I had just returned from my annual Las Vegas trip with friends when I happened upon this sad-looking 450SL parked on the curb. The first day back to the daily grind from any vacation is usually hard, but thankfully, I had the presence of mind to relax, drink lots of Gatorade and water, and eat properly when returning to Chicago the day before. If fact, one could say that the shape of this Mercedes mirrored that of my mood at the time, as I attempted to shift gears from “vacation mode” to “get-it-done mode”.
Look at this car. This is not the condition in which one would expect to see any, running Mercedes, and certainly not a vaunted SL. This looks more like the condition in which one would expect to see a daily-driver G-Body Cutlass Supreme from the mid-’80s… but a Mercedes? This is what happened to Baby Jane. When looking at a once high-end beater, I often think of the chain of ownership, which is a topic that has been discussed at length here at CC in the four years or so that I’ve been a reader and/or contributor.
This thing cannot be cheap to keep running. My only guess might be that its owner might either be, or be friends with, one of the many foreign car repair shop guys in this city. “Once…just once[,] have the automobile you want,” says the print ad above. Perhaps that’s the thought process, here. A rusty, blue Mercedes is still a Mercedes, and don’t you ever look down your nose at a car bearing the Three-Pointed Star that almost singlehandedly snatched the desirability trophy from GM’s Wreath-And-Crest brand. I’m guessing as to the model year of this example, but 1980 was the last year for the 450SL here in the United States. Its 4,520 cc V8 engine yielded 190 horsepower (the same rating as the base-350 in the 1980 Corvette) in these 3,600-pound coupes.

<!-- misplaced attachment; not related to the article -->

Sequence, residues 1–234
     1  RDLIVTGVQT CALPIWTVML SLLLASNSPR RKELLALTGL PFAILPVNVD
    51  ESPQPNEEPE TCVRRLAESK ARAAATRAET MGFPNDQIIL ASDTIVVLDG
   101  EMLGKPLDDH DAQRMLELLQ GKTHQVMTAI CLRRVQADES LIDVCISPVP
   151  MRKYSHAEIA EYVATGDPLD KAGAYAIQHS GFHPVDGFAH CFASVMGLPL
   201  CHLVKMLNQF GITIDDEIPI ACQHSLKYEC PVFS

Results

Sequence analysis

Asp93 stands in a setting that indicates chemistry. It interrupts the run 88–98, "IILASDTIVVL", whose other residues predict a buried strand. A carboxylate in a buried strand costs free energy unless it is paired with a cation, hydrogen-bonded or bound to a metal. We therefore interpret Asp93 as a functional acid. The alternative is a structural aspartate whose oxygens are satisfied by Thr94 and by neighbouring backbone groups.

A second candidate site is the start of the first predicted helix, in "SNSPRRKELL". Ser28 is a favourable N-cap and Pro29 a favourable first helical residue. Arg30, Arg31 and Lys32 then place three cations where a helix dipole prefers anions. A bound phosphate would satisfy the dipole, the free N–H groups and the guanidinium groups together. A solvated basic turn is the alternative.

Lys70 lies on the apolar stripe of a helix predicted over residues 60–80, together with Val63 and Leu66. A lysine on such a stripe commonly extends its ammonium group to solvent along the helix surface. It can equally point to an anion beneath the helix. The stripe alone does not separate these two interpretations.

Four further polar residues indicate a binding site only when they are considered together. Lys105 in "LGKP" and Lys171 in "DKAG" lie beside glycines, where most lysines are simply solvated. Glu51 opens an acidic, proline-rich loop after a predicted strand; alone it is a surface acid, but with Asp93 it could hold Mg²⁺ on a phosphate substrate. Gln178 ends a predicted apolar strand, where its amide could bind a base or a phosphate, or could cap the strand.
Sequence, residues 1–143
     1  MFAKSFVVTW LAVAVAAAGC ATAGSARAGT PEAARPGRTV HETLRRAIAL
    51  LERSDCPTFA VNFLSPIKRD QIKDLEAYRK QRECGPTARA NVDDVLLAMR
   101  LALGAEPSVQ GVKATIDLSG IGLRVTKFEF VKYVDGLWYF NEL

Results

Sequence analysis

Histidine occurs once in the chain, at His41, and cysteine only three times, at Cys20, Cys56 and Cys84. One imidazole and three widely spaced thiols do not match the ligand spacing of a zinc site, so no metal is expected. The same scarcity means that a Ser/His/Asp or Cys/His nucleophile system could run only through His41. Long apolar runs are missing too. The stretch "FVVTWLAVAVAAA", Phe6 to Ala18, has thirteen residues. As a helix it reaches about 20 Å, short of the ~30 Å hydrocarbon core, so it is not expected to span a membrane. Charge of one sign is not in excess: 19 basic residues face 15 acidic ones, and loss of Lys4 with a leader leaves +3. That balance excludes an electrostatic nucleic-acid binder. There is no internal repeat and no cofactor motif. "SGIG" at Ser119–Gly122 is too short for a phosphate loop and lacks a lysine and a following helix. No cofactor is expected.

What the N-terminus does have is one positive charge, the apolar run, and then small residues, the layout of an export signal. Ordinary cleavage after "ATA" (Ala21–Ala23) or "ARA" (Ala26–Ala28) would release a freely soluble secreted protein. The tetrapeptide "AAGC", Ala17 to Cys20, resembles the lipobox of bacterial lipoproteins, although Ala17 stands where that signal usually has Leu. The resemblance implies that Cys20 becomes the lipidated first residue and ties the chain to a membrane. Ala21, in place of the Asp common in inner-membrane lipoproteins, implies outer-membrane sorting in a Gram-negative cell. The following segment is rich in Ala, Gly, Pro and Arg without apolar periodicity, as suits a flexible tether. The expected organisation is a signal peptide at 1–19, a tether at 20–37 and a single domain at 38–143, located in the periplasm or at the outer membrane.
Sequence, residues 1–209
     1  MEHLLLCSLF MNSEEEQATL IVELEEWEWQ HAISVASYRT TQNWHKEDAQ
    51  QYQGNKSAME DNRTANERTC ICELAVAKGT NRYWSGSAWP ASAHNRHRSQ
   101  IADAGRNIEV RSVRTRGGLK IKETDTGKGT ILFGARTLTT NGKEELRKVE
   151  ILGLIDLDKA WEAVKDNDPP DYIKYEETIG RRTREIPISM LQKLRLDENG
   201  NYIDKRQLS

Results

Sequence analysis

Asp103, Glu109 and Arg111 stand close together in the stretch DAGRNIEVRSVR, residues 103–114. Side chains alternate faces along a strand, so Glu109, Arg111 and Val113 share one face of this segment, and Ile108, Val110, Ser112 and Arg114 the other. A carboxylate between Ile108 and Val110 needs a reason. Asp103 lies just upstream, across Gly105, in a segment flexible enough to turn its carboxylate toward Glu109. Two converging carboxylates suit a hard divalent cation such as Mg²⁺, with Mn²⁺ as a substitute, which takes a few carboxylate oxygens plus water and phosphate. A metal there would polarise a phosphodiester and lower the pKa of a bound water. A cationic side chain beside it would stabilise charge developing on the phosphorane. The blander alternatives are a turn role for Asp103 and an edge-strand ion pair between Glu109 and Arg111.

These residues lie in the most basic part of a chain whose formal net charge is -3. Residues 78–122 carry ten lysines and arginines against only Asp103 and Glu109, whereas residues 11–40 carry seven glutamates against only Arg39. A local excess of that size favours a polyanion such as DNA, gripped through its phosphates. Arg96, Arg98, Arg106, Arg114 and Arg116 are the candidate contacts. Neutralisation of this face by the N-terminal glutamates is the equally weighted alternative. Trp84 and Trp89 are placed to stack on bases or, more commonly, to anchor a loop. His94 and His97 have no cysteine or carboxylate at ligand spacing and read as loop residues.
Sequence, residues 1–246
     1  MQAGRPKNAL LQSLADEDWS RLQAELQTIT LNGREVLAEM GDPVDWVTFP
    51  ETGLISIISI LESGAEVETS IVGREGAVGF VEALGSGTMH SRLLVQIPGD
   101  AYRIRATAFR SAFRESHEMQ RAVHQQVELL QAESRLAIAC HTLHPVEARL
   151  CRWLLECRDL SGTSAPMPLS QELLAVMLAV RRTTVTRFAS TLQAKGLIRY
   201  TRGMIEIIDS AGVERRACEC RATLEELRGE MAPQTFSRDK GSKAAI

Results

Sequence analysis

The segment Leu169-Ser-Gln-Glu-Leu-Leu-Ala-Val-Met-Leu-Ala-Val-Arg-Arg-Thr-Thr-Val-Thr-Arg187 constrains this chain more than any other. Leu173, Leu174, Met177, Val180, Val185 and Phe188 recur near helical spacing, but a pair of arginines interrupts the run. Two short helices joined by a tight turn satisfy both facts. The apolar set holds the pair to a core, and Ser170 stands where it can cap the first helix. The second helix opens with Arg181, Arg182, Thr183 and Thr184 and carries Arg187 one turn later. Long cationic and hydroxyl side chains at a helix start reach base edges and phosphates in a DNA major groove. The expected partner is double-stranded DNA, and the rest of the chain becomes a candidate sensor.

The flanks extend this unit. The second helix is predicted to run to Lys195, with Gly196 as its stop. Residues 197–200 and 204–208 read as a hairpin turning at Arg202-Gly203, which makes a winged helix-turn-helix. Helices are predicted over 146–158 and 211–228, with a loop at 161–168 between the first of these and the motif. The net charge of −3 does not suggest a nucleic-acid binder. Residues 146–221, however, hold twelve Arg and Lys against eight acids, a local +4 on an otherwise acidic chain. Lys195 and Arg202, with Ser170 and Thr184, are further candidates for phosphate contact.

A few years ago, Chris Gardner, the author of the autobiographical book “The Pursuit of Happyness“, came to be our motivational speaker at a work event. You may remember the 2006 movie based on the book, that starred Will Smith and his son, Jaden. The book and movie chronicled Mr. Gardner’s true-to-life story about being a homeless salesman for a period of time, as he also tried to provide food and safe shelter for his young son. Mr. Gardner was an engaging, open, very likable speaker, and I consider it money well spent by my company to have him talk to (and with!) us.
One of the main takeaways that I remember from his recounting of those days was that sometimes, one can find oneself in a severely compromised position even through no direct fault of one’s own, and that “sometimes, life just happens”. I am a firm believer in actions resulting in consequences (thanks, Mom and Dad), but Mr. Gardner’s words and story rang completely true and legitimate – and I suddenly gained sympathy for the plight of many I’d normally just assume “didn’t pay enough attention in school”, or whatever. Yes, what we do affects our present and future, but the picture is often so much bigger than that.
As these ideas relate to this car, its own chain of ownership may have had a similarly uneventful (downward) trajectory, until some tragically expensive repair needed to be made, which then kicked it down one (more) rung on its ladder of multiple ownership. No matter. It may not be the prettiest thing on wheels (regardless of its prestigious pedigree), but one thing remains in its favor: it’s still a Mercedes, and it’s still running, despite “life” having happened to it, and as Aretha Franklin once sang about twenty years ago, “A Rose Is Still A Rose”. Soldier on, Baby Girl.
Edgewater, Chicago, Illinois.
Tuesday, September 11, 2018, and Tuesday, October 9, 2018.